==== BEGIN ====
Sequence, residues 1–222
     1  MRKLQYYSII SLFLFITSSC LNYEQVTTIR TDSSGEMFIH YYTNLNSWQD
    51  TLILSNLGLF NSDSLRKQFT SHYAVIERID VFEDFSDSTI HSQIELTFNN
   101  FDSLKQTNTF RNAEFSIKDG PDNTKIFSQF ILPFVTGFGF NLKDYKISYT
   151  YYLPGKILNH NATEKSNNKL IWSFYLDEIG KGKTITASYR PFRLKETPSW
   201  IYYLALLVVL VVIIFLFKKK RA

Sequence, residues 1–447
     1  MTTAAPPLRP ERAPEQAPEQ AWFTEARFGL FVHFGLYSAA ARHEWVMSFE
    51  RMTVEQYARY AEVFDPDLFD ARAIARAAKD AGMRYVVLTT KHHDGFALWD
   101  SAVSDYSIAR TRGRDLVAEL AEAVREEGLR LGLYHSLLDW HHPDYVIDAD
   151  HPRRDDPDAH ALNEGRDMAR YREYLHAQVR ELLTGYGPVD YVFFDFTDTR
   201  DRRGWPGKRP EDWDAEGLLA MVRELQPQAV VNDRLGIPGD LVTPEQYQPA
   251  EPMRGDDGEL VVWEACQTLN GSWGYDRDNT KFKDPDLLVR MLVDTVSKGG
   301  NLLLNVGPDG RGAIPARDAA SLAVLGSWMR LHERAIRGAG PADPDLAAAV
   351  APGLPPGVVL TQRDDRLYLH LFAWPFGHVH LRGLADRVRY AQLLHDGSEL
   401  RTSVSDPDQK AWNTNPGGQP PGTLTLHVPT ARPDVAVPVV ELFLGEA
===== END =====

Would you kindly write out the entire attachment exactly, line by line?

Sequence, residues 1–222
     1  MRKLQYYSII SLFLFITSSC LNYEQVTTIR TDSSGEMFIH YYTNLNSWQD
    51  TLILSNLGLF NSDSLRKQFT SHYAVIERID VFEDFSDSTI HSQIELTFNN
   101  FDSLKQTNTF RNAEFSIKDG PDNTKIFSQF ILPFVTGFGF NLKDYKISYT
   151  YYLPGKILNH NATEKSNNKL IWSFYLDEIG KGKTITASYR PFRLKETPSW
   201  IYYLALLVVL VVIIFLFKKK RA

Sequence, residues 1–447
     1  MTTAAPPLRP ERAPEQAPEQ AWFTEARFGL FVHFGLYSAA ARHEWVMSFE
    51  RMTVEQYARY AEVFDPDLFD ARAIARAAKD AGMRYVVLTT KHHDGFALWD
   101  SAVSDYSIAR TRGRDLVAEL AEAVREEGLR LGLYHSLLDW HHPDYVIDAD
   151  HPRRDDPDAH ALNEGRDMAR YREYLHAQVR ELLTGYGPVD YVFFDFTDTR
   201  DRRGWPGKRP EDWDAEGLLA MVRELQPQAV VNDRLGIPGD LVTPEQYQPA
   251  EPMRGDDGEL VVWEACQTLN GSWGYDRDNT KFKDPDLLVR MLVDTVSKGG
   301  NLLLNVGPDG RGAIPARDAA SLAVLGSWMR LHERAIRGAG PADPDLAAAV
   351  APGLPPGVVL TQRDDRLYLH LFAWPFGHVH LRGLADRVRY AQLLHDGSEL
   401  RTSVSDPDQK AWNTNPGGQP PGTLTLHVPT ARPDVAVPVV ELFLGEA